How Successful Indie Artists Keep Up with Social Media and Get Their Art Under the Spotlight

We found some amazing, new, and independent artists from UBO Mag’s articles and connected with their art-enthusiastic founder Aaris Schroeder. We spoke with Aaris about the importance of uplifting the indie community, providing a platform for undiscovered talent, and encouraging artists to hone into a demographic while staying true to the art that they love. For any artist hoping to spread their work, here is some advice on how to keep up with the media, hone your craft, and bring your artwork to the spotlight.

Aaris Schroeder, founder of UBO Mag
Aaris Schroeder, founder of UBO Mag

What makes the Creators you work with different than mainstream artists?

There are so many “undiscovered” artists out there just waiting to sprout given the right amount of care and consideration. My intention is to use my skills as a writer to uplift the indie community because that is where all the magic from art, music or business lies in these United States. I work with independent, small businesses such as art galleries, specialty boutiques, cafes and restaurants. I tend to work with those in the arts because I love music, I love art. I always have.”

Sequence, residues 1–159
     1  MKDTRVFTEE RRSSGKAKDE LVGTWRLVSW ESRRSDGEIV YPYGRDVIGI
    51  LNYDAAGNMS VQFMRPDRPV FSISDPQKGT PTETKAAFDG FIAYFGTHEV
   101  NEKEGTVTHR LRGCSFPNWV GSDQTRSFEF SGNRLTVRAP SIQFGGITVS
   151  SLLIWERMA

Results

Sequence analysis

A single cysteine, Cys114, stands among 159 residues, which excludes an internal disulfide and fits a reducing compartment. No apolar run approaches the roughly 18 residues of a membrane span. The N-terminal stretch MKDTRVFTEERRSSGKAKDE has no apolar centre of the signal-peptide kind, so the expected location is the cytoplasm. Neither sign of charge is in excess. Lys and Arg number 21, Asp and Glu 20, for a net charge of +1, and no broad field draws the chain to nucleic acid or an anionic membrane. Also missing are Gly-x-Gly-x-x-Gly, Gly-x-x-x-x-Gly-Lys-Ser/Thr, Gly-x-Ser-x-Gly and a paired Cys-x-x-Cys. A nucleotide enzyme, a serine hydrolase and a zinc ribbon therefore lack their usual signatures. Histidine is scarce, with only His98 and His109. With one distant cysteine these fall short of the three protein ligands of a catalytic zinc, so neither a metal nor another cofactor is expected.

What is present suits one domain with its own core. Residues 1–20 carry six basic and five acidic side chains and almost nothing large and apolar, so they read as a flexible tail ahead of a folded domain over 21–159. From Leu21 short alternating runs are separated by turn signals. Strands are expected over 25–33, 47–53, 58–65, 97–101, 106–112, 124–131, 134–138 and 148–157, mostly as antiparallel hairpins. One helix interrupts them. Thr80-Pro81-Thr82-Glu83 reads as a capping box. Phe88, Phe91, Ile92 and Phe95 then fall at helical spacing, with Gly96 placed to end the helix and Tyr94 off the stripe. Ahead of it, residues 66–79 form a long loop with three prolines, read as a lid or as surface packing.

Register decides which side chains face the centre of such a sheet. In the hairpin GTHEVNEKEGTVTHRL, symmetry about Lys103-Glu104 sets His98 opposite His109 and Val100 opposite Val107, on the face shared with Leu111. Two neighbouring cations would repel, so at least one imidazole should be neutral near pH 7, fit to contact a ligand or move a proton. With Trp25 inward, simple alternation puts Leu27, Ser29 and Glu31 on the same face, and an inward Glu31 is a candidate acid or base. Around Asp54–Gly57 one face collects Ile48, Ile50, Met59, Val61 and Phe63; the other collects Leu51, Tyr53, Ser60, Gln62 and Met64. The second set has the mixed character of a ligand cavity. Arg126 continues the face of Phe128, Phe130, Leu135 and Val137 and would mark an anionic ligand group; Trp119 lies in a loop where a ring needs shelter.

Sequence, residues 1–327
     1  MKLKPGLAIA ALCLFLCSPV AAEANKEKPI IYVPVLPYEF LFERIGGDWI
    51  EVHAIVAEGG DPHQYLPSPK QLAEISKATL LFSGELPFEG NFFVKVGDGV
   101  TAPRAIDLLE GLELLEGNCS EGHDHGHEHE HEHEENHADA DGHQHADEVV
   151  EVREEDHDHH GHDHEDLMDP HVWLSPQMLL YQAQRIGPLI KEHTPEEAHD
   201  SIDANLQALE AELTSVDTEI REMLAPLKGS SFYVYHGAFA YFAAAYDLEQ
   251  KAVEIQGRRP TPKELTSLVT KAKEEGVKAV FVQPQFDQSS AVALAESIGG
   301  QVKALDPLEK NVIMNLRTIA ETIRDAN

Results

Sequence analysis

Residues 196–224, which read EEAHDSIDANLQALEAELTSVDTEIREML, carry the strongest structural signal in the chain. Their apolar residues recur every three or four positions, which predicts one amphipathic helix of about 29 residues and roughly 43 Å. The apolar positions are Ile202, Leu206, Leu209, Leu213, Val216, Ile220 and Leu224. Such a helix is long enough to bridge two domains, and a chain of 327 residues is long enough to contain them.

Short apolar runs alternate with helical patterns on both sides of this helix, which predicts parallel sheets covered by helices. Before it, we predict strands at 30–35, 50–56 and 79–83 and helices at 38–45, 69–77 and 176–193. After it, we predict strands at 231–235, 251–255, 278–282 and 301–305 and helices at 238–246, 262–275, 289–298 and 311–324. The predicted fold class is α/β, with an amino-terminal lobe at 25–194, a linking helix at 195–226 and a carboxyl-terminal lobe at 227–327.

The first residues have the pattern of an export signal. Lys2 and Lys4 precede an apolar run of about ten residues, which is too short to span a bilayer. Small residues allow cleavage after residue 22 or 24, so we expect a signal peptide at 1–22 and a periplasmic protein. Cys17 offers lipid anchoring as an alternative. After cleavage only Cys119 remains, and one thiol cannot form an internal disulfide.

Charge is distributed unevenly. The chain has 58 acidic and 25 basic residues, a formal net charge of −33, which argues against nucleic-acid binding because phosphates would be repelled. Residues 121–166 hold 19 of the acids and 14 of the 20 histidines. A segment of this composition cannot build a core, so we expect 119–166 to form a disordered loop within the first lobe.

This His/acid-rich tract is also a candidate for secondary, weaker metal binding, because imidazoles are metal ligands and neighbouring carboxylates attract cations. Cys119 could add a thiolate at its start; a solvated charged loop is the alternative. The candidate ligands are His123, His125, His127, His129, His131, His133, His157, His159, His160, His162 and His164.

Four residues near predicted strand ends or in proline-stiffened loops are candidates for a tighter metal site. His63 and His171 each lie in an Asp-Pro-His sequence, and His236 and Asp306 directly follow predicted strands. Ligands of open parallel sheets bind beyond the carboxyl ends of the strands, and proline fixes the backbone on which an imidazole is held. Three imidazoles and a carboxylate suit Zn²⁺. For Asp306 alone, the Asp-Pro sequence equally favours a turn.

What should Creators do to go from unknown to recognizable?

“Let the media know you are available for work and to purchase pieces from. A lot of times, Journalists just want someone who represents you (a manager, publicist, gallery curator) to speak on your behalf to sell the art to them as a query worth writing about. UBO breaks down the wall between artists and the media. As a journalist, I understand what other journalists and broadcasters need to form a story that their demographic will appreciate. So I use those skills I have been educated in and step inside the mind of the writer. I am able to communicate with them on a professional level.”